Published weekday mornings as the coffee brews
couldn't this also work the other way
My mother suffers from chronic isomnia because of her RLS. It's a sucky thing to have -- in severe cases like hers, you have to use opiates to control it, and even with codeine she still goes through periods where she gets less than an hour's sleep a night. This is compounded by having to deal with people who believe that it's a fad ailment for hypochondriacs. (Wikipedia says that the disease was first described in the seventeenth century.)Your point is valid, but I'm getting kind of sick of people dragging out this condition, which is serious and can render people non-functional from lack of sleep, when there are plenty of other overmedicated-society targets around.
Nobody cares, Isaac.
The problem is that unless someone in your immediate social group has RLS, then the first you heard about it was the tv commercial.Unlike "Overactive Bladder Syndrome" which I hate hearing about at dinnertime. :P
I care, Isaac. I also get RLS from time to time. Mine's not nearly as severe as your mom's, but it's there, and it's annoying as hell when I just want to get to sleep.It's not fake. It's definitely weird, but it's not fake.
What is weird is that the list of potential side effects for the RLS cures: gambling addiction?
So there is a point when there are no perceived problems and STILL advertising?!? Ack!
A few years ago, when treatments for rosacia were all over the commercials, my brother said something like, "Back when we were kids, people would say, 'Gee, he has such a healthy, ruddy complexion.' Now people say, 'That's so sad that he has such a horrible, disfiguring disease.'"
Don't forget about Panexa.
This is so true outside of the medical context as well... Advertisements make you realize you're overweight, have bad skin, have ugly hair, and basically that a lot of things are wrong with you in order to make you buy their products, even if you would have never perceived those "problems" before. (I guess this applies to a graph where the axes are switched, though.)
I don't see this as a jab at people with RLS. I see it as a jab at the people who, after seeing advertisements, PERCIEVE themselves as having it, and therefore seek to medicate a nonexisting condition.That doesn't mean the condition doesn't exist. Just that there's a spike in people who think that they have it.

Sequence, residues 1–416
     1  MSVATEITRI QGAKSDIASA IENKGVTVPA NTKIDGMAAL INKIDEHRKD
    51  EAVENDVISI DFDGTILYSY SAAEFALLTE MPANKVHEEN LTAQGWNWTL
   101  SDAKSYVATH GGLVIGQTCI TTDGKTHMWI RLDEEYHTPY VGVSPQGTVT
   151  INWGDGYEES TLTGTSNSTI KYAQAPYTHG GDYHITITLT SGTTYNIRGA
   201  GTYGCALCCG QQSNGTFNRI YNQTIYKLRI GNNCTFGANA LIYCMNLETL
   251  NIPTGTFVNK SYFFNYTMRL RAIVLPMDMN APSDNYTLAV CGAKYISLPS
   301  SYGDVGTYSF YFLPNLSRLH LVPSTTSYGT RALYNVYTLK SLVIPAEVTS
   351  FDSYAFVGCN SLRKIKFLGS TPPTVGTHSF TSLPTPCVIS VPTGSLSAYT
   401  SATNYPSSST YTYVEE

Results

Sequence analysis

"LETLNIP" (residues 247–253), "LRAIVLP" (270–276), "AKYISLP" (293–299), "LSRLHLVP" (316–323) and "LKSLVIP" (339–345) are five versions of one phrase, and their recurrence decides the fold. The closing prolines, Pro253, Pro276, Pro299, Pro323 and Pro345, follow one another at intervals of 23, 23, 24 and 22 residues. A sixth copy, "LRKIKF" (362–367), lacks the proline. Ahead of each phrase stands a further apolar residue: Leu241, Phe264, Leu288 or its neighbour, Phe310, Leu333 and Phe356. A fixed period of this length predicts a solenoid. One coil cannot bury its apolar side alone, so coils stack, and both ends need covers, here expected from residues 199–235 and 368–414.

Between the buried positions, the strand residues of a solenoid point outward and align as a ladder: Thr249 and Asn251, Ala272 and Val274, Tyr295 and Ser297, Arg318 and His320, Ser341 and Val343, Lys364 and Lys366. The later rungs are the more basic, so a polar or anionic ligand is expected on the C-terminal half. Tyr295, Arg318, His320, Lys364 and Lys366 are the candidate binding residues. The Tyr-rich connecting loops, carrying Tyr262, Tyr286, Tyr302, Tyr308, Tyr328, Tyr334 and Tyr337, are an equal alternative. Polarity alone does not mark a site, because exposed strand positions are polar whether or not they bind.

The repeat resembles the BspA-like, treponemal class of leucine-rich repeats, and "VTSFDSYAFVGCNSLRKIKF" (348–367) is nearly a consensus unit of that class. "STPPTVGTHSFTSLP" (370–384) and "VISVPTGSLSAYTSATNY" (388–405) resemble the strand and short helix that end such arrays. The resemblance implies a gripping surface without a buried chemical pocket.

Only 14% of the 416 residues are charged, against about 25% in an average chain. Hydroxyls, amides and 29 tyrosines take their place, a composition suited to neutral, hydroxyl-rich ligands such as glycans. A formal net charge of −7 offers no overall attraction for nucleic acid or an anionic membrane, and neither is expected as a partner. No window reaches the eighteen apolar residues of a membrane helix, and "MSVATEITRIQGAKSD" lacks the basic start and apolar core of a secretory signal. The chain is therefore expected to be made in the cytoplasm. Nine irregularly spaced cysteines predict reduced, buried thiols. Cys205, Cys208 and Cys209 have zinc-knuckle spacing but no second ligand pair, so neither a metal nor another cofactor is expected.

talk about niting tha hand that feeds you :-)Also could be said for the economy, poltics, etc.
Let me try to type that aagin.Talk about biting the hand that feeds you.BTW, RLS is not a medical term. It is a term that was market researched and developed by that drug companies AOR
I'm sick and tired of hearing jokes about restless leg syndrome. It's a real disease with a funny name. I think at least once a week I hear somebody say something like, "Man, I just saw an ad for a disease called - get this - 'restless leg syndrome!' Ha ha, what will the pharma companies invent next time?"If they called it "nocturnal myoclonus" or "peripheral dysaesthesia" people wouldn't make those jokes, but then people would just complain that doctors use too much jargon.As isaac said, there are plenty of other targets for this kind of joke.
It's real. My diagnosis was made during a sleep study. Before they could treat my sleep apnea, they had to deal with the RLS. (nebulous)I hate that big Pharma spends so much money on marketing compared to R & D and have written about it. I wish they didn't advertise a drug for RLS - or any drug for that matter.Indexed:It's no fun having a problem people think is not real - worse yet, is a joke.I am a huge fan of your work, and can't wait for your book, but this denegrated people who have a real problem.But that's OK, you can't bat 1000
I'm with Chaz - I dont think its a jab at people who actually have RLS. I work in a neurologist office and I see lots of people every day that have RLS and are really suffering. I also see lots of people every day that *think* they have RLS because they saw it on a commercial. Not only do they not have RLS, but they also take valuble time away from Dr's who need to treat people who are really sick, and discredit the people who are actually sick.
advertising should probably be on the x-axis
If she is implying that advertising causes perceived disorders, then advertising is the dependent variable and should be on the x-axis. Suggesting the perceived disorders leads to increased advertising isn't as biting.
Aside from the validity of RLS, (the medications were originally intended to treat alzheimers, I believe), I think you got your axes switched. Perceived problems is a function of advertising, yes?-Sorry, don't mean to be a jerk!
LOL.. yeah, i do feel kind of restless.. suddenly..
I suffer from RLS and can attest that it's a horrible condition to have. Worse is when your favourite entertainment outlets use it as a punchline (this site, Jon Stewart) or when respected publications make a mockery out of it (Consumer Reports).It may not be sexy enough to get a ribbon campaign, but for anyone who has it will now that quality of life goes down hill pretty quick.
My ex-gf had RLS. We watched Seinfeld and learned the real name of the problem was "Jimmy leg". Seinfeld explains all...
I am not an expert. But could it be that RLS is just a symptom of lack of exercise (maybe combined with stress)? I mean, when you feel a strong urge to move your legs, why not go and move your legs?
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